- PowerScore Staff
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- Joined: Apr 11, 2011
Not to mention I think some of the reasoning you use here is a bit off: can the "most profitable" investment available really "decrease in value more than any other investment?" It seems to me those are, by definition, incompatible. That is, the investment that is the most profitable option over a given period of time is simply defined as the one that outperforms the rest (in this case has the highest rate of return). No need to make it any more complicated than that.
Further, don't bother trying to incorporate extra information that isn't supplied in, or defined by, the stimulus. This is a Must be True question, so everything you need is given to you. Here you're given the fairly straightforward idea that when you are losing more than even the best investment possible can gain you, the minimum that you can lose is defined by that best investment. All investments that aren't as profitable will lose more. Hence, losing more means we're dealing with a less profitable investment.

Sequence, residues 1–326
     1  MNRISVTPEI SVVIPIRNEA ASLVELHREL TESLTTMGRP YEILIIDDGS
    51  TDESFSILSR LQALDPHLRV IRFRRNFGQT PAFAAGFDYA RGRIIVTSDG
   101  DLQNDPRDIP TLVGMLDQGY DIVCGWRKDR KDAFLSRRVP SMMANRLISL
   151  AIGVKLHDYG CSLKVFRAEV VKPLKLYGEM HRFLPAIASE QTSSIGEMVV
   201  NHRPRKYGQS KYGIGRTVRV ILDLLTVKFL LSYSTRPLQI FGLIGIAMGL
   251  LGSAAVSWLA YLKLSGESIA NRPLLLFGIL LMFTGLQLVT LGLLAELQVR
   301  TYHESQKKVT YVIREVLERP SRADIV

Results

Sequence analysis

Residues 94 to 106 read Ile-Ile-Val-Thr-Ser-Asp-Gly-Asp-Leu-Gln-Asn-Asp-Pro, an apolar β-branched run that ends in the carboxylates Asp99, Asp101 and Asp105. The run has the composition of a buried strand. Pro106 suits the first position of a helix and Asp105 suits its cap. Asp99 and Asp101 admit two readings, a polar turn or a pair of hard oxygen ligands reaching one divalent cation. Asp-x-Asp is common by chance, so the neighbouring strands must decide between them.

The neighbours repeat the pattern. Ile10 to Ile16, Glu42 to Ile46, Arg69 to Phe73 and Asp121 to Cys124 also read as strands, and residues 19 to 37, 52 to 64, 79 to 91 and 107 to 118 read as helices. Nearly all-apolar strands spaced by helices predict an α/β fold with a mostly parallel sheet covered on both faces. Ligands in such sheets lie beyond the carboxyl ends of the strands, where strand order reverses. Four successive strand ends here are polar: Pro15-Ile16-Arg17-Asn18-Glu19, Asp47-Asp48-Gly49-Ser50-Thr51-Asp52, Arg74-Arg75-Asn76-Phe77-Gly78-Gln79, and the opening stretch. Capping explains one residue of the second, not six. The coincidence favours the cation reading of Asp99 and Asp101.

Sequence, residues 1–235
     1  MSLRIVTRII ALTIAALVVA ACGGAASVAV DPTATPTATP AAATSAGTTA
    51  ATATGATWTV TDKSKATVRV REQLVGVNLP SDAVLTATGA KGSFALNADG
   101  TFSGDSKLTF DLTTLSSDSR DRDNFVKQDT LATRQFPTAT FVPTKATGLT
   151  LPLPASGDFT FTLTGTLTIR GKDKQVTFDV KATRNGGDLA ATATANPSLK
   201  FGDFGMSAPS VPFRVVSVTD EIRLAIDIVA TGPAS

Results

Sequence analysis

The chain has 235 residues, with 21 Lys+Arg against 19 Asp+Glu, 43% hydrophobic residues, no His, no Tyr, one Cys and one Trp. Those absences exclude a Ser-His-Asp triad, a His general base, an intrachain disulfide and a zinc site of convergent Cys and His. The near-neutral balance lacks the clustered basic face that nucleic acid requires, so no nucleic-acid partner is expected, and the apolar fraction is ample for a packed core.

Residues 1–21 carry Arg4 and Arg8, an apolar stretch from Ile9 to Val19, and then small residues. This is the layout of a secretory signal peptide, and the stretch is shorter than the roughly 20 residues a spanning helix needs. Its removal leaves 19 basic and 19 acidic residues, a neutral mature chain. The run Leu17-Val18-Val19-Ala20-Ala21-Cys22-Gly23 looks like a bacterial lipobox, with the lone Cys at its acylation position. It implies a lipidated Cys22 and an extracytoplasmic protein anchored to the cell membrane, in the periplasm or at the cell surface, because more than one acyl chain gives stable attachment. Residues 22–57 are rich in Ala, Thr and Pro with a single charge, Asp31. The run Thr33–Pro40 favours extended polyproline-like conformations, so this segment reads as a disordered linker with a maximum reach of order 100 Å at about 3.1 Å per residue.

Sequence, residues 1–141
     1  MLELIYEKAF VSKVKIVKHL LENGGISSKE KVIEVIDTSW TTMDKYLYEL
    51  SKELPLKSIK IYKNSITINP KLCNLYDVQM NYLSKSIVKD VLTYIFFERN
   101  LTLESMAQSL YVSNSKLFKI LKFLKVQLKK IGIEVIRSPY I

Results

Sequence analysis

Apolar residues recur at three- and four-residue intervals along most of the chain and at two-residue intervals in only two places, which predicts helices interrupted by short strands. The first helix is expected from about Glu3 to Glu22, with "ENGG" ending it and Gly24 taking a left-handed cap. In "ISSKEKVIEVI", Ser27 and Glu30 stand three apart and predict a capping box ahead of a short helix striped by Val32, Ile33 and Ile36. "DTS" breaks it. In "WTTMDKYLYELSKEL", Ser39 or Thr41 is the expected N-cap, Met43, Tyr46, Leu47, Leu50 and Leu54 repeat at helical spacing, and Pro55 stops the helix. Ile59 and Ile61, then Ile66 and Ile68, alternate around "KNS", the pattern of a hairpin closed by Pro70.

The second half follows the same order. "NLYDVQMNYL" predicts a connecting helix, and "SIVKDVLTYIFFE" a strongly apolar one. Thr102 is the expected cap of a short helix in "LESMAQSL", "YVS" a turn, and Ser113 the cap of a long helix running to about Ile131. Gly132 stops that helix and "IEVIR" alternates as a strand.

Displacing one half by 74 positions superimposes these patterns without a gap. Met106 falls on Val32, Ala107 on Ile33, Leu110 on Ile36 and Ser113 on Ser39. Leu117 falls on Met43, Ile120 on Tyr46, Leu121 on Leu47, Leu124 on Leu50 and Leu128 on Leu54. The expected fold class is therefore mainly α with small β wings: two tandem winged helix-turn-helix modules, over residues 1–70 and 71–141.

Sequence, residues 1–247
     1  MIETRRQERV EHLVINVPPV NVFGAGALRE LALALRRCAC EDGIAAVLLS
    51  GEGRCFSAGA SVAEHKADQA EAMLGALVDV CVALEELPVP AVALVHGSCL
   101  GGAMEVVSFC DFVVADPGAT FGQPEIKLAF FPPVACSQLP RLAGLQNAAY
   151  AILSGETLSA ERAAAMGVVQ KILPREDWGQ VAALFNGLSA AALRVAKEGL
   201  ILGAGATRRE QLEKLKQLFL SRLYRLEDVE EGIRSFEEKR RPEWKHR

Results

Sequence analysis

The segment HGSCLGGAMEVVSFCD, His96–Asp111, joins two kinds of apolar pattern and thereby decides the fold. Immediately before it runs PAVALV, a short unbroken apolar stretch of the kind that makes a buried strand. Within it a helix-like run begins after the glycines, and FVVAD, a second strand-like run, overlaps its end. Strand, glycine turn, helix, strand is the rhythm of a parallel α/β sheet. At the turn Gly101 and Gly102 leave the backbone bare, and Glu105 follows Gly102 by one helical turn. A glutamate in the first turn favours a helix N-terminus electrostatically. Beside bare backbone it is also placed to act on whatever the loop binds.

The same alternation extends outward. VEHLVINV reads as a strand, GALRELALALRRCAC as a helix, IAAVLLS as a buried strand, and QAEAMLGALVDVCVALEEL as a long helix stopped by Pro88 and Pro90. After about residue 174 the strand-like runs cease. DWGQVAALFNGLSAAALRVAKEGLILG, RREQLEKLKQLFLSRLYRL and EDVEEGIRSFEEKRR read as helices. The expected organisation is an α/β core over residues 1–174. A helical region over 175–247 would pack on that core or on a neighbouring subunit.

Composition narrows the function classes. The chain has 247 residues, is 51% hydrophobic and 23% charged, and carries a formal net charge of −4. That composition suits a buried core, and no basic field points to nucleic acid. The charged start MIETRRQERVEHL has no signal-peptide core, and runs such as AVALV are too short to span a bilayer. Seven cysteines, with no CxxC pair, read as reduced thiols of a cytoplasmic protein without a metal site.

Consider this: at no point will this test ever require, or even expect, you to bring in the level of outside knowledge/consideration that you've attempted here. So as soon as you feel yourself beginning to do that, hit the brakes. Otherwise you're going to get punished for it.
So to answer your question about LSAC expecting you to bring in knowledge: no. They hope you do because they know it will screw you up; they could never require you to in order to answer the question.
And, again, don't ever, EVER question the validity of the information provided to you in a Must be True stimulus. Instead use it to make determinations of consequences and outcomes that said information would support or prove. In this instance your entire knowledge of economics is limited to two sentences; go beyond that and prepare to get burned.
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